Rose Mofford, Arizona’s first female governor, dies at 94

Alejandro Baharona

Thursday, Sept. 15, 2016

Rose Mofford, Arizona’s first female governor, dies at 94

PHOENIX – Rose Mofford, Arizona’s first female secretary of state and first female governor, died Thursday at a Phoenix hospice center. She was 94.

Mofford was secretary of state for 11 years before becoming Arizona governor in 1988, ascending as the state’s top leader in a tumultuous time. Evan Mecham, the contentious governor who drew national attention for blunt statements and his withdrawal of a state holiday for Martin Luther King Jr., was impeached for misuse of funds and obstruction of justice.

Republican Sen. John McCain noted Mofford’s status as a trailblazer who offered a “steady hand” despite coming to office under “unusual and difficult circumstances.”

“After such a divisive episode, she rose above the partisanship and brought Republicans and Democrats together to make Arizona stronger and more prosperous,” McCain said in a statement.

Recognized for her trademark white beehive and her moves to drive political cooperation, Mofford retired in 1991. She was a lifelong Democrat who spent 51 years in state government, according to azcentral.

She was born in Globe, an Arizona mining town, on June 10, 1922 as Rose Perica. She married Lefty Mofford and they later divorced, according to azcentral.

On Thursday, Globe residents mourned a favorite daughter and public officials across Arizona paid tribute.

“Rose Mofford’s story is a truly unique Arizona story,” Gov. Doug Ducey, who ordered state flags to be halted at half-staff, said in a statement. “Rising through the ranks of state government to our state’s top office, she shattered a once-thought-unbreakable glass ceiling and served as an unparalleled role model to many. She was nothing short of an Arizona treasure, and will be deeply missed.”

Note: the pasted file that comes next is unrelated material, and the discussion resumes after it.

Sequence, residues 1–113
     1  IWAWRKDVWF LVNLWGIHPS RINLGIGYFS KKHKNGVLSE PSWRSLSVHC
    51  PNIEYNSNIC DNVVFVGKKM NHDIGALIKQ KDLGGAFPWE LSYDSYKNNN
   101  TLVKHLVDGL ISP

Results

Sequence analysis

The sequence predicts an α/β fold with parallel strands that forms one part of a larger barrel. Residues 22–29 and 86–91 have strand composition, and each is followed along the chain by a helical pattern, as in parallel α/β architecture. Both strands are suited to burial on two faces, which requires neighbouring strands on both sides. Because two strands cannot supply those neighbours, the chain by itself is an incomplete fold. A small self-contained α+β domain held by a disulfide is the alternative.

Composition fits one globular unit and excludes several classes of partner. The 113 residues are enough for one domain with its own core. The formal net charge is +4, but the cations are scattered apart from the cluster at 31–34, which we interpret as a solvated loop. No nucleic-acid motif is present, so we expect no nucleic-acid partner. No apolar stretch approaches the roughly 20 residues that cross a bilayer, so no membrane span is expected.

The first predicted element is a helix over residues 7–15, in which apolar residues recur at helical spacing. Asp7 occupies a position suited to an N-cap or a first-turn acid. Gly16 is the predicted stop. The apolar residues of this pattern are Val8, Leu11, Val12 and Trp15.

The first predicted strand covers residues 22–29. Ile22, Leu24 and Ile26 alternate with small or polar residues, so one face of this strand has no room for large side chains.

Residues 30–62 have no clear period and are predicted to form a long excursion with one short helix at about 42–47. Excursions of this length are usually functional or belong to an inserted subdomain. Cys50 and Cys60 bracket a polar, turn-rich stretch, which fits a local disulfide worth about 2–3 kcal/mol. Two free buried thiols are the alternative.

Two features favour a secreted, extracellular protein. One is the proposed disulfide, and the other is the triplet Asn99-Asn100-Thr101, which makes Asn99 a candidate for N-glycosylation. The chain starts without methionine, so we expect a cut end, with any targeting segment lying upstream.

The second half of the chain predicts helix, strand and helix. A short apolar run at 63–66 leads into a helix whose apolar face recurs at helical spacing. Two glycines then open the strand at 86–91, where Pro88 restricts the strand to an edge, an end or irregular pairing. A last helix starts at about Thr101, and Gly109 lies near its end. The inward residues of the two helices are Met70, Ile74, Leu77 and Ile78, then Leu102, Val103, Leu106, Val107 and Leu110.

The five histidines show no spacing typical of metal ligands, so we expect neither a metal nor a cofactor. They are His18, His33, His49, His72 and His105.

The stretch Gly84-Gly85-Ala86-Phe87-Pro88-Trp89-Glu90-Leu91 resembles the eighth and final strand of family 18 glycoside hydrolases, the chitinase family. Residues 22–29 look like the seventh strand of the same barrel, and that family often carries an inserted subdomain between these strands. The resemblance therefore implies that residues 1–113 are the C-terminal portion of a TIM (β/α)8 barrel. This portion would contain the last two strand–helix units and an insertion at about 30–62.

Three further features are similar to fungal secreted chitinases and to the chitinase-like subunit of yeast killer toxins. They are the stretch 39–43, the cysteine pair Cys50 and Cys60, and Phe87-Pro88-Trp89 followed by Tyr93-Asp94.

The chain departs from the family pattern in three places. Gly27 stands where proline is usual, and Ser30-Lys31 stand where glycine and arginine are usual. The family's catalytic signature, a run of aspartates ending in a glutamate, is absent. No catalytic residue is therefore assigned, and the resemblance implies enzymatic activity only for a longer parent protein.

Other Arizonans who knew Mofford – personally or by reputation – shared condolences and memories.

Former Arizona governor Jan Brewer tweeted that Mofford was an “Arizona treasure and icon.”

“When she became Arizona’s first female governor, her calming leadership was just what our state needed during a tumultuous time,” Phoenix Mayor Greg Stanton said in a statement. “We should all emulate her style, which always reached beyond politics to bring people together to solve problems.”

Arizona Congresswoman Kyrsten Sinema said Mofford “embodied the true meaning of public service – a tireless, thoughtful leader who always put the people of Arizona first.
“She was a trailblazer and an Arizona legend. She was a dear friend and role model for me. Governor Mofford’s legacy will live on in Arizona forever,” Sinema said in a statement.

Alfredo Gutierrez, who served on Mofford’s transition team after he had left the state Legislature, told 12 News she was a treasure.

The Washington Post quoted former Arizona Attorney General Grant Woods as saying Mofford didn’t necessarily seek a spotlight but took on the responsibility handed to her with grace.

“She stepped up when she needed to step up,” Woods told the Post.


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